Group messaging—which, for all intents and purposes, amounts to texting with multiple people at once—has been the big story of this year’s South by Southwest Interactive Festival.
Hoping to witness some sort of victory on the scale of Twitter’s 2007 triumph, or Foursquare’s big coming out in 2009, eager SXSW attendees hyped the horse race between applications like GroupMe, Beluga, Yobongo and Fast Society. Then the New York Times ran its obligatory coverage, and the race was really on; by day four, Foursquare co-founder Dennis Crowley was all but endorsing GroupMe as the winner.
GroupMe gained significant traction in Austin, Texas, not least because of old-school political tactics like giving away free grilled-cheese sandwiches. So did Yobongo. Beluga, meanwhile, was acquired by Facebook on March 1, so it was out of the race, tucked safely under Mark Zuckerberg’s wing. Most others have seemingly been forgotten, if they were ever discussed at all.
Then there’s Kik. One didn’t hear a great deal about Kik on the streets of Austin, but it has one thing that all the other messaging apps don’t: The endorsement of—and funding from—New York City’s most beloved and influential venture capitalist, Fred Wilson of Union Square Ventures. On March 7, four days before the festival, Wilson announced on his blog that USV would join firms RRE and Spark in an $8 million round of Series-A funding for Kik. In addition, Wilson and RRE’s Adam Ludwin would join Kik’s board.
Funding from USV, which was an early investor in both Twitter and Foursquare, has come to be seen as one of the highest stamps of approval in the tech startup world. So why did Wilson choose Kik over competitors like GroupMe? In Austin, Kik founder Ted Livingston told Adweek that it was a matter of passion.
“After we closed the deal, Fred actually sent me a blog post called ‘The Passion Gap,’” Livingston said. (Wilson tweeted a link to the post, by angel investor Jonathan Betz, two days later.) “The post was one reason why Foursquare beat [Facebook Places], why this beat that, and it’s basically because of passion.”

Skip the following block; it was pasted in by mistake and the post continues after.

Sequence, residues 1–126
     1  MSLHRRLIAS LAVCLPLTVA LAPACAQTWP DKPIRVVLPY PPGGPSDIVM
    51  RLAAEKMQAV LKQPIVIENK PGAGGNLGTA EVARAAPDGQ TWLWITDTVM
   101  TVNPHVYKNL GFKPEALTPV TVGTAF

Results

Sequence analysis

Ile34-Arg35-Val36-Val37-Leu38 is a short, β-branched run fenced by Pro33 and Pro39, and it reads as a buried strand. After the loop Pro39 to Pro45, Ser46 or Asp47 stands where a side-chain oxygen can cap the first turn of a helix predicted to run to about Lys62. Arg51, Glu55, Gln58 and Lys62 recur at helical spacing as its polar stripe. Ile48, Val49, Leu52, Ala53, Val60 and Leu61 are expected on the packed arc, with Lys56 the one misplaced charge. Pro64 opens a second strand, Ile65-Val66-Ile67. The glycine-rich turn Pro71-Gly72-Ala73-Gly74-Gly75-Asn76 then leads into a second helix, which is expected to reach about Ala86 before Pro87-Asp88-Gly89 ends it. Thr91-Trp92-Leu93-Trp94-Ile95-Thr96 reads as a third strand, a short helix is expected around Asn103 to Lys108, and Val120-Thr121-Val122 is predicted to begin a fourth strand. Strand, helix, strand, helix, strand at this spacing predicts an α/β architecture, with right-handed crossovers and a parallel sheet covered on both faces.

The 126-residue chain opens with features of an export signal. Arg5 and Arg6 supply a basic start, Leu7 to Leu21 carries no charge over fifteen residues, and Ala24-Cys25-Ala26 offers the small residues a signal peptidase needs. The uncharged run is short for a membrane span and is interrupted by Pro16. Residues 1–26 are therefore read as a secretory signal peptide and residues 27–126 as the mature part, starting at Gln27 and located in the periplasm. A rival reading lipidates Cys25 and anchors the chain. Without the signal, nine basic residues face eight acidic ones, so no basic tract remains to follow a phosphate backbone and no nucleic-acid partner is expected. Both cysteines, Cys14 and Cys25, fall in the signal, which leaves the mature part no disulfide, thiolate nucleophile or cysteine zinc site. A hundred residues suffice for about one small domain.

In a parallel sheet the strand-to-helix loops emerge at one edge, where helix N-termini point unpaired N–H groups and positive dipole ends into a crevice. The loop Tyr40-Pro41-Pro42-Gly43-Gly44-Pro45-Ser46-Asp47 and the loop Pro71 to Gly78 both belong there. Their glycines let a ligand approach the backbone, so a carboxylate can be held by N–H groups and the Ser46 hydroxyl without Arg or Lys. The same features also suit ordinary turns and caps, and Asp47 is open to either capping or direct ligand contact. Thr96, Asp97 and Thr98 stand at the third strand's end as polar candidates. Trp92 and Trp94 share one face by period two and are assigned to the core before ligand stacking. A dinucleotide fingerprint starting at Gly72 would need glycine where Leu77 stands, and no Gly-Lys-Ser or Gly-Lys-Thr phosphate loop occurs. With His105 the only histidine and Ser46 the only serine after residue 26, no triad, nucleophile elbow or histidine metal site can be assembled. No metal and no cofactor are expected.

In his post, actually titled “Foursquare, Facebook, Founders and Passion,” Betz attributes Foursquare’s success to the fact that it was “built by someone”—Crowley—“who is deeply invested in the underlying product idea, as compared to a product built by someone who is just trying to check off a set of feature boxes.”
“Fred said, ‘We are going to win, because you guys have this,’” Livingston said.
Given the noise surrounding GroupMe and Beluga, Wilson’s bid was unexpected. On his blog, he said that USV chose Kik because it believes “that less is more and that message delivery speed is paramount.” But for now, delivery speed is actually Kik’s biggest drawback. Users receive push notifications as soon as a message is sent, but then have to wait as long as 10 seconds for the message to download once the application is open. Livingston explains that as a limitation of the iPhone. “It’s a painful experience,” he said.
Going forward, Livingston plans on removing the delay, and also says he plans to add audio and video to Kik, though he was reluctant to provide even the roughest estimate of when that will be. Meanwhile, Austin’s early adopters are recovering from—and texting about—Monday night’s GroupMe party.